I’ve lived in Hoboken for a little over a year, but in my current apartment for about a month. This part of town feels a little homier than my last place—you see people out on their stoops in the evenings shooting the shit, which reminds me a lot of porch culture in New Orleans, where I spent the first few years of my life. I love being so close to the Hudson—I walk by the river at least once a day if I can.

Spent any time in Brooklyn? If so, when and where? Share with us your experiences, impressions, etc.

My first time in Brooklyn since moving to the NYC area was for the Brooklyn Book Festival last year, walking an author around Fort Greene Park for a photo shoot (one of my day jobs is in publicity), so the park will always have a special place in my heart (even though by the time I left, my heels had done unspeakable things to my feet).

What does a poetry community mean to you? Have you found that where you live? Why or why not?

Poetry community is everything to me. I came up in a tradition of slam and spoken word poetry, and there’s no way I’d be the writer I am today without them, whether that’s the folks at Write About Now back in Houston, the people I volunteered with at the Texas Grand Slam, or the members of my undergrad group, WORD: Performance Poetry. Poetry, for me, has always been something that is meant to be shared with others and meant to be performed aloud. I’m slowly but surely building that here in the NYC area, in part thanks to the community I’ve found through Brooklyn Poets.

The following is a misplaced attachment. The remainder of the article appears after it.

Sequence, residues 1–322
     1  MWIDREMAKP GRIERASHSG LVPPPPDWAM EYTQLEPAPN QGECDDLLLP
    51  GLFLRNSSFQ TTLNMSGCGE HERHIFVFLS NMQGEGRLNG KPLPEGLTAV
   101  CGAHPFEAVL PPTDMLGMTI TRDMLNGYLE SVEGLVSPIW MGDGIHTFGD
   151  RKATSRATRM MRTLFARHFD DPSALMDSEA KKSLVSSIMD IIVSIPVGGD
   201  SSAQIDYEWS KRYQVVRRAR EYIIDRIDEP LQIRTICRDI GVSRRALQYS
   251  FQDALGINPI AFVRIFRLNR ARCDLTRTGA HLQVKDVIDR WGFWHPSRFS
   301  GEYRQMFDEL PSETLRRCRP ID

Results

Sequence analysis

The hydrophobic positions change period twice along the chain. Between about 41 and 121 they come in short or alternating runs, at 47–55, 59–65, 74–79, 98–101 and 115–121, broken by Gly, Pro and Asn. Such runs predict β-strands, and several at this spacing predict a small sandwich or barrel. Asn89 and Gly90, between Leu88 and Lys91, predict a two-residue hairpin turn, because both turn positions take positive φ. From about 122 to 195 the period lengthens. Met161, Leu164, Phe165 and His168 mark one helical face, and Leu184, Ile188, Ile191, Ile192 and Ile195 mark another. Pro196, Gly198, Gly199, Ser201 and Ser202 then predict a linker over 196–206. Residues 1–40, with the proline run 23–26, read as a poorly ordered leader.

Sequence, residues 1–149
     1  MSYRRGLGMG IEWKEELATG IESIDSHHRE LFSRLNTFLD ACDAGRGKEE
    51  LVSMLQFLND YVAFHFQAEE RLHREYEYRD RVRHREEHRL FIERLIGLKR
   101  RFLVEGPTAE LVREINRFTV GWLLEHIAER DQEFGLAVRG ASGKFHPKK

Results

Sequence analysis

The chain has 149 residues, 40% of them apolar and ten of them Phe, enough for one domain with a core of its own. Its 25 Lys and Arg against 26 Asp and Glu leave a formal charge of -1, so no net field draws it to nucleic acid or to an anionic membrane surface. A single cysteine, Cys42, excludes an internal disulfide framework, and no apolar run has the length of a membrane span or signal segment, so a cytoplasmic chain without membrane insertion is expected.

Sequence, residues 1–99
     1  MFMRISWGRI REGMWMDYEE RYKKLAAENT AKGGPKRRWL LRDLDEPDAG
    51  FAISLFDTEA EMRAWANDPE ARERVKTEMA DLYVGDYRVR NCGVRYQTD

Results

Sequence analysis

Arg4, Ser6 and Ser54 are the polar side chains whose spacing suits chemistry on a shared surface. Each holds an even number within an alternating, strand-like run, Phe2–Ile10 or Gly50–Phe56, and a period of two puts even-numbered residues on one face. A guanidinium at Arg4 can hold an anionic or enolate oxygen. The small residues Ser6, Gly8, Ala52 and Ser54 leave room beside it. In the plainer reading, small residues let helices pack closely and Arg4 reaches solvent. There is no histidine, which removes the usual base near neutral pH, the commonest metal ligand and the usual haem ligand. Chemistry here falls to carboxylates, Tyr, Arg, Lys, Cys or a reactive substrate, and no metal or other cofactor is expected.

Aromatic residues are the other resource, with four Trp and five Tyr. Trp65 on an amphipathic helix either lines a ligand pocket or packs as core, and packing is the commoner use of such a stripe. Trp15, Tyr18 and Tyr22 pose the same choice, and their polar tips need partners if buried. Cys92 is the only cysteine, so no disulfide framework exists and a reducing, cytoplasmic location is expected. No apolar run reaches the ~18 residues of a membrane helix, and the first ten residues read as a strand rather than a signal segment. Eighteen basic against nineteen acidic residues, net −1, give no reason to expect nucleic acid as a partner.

Tell us about some Brooklyn poets who have been important to you.

Like any good English major, I’ve had my Walt Whitman phases (especially after I saw the play I & You in high school). Angel Nafis—I’ve listened to her episode on the VS podcast about the ecstatic more times than I can count. I love her poem “Love on Flatbush Avenue.”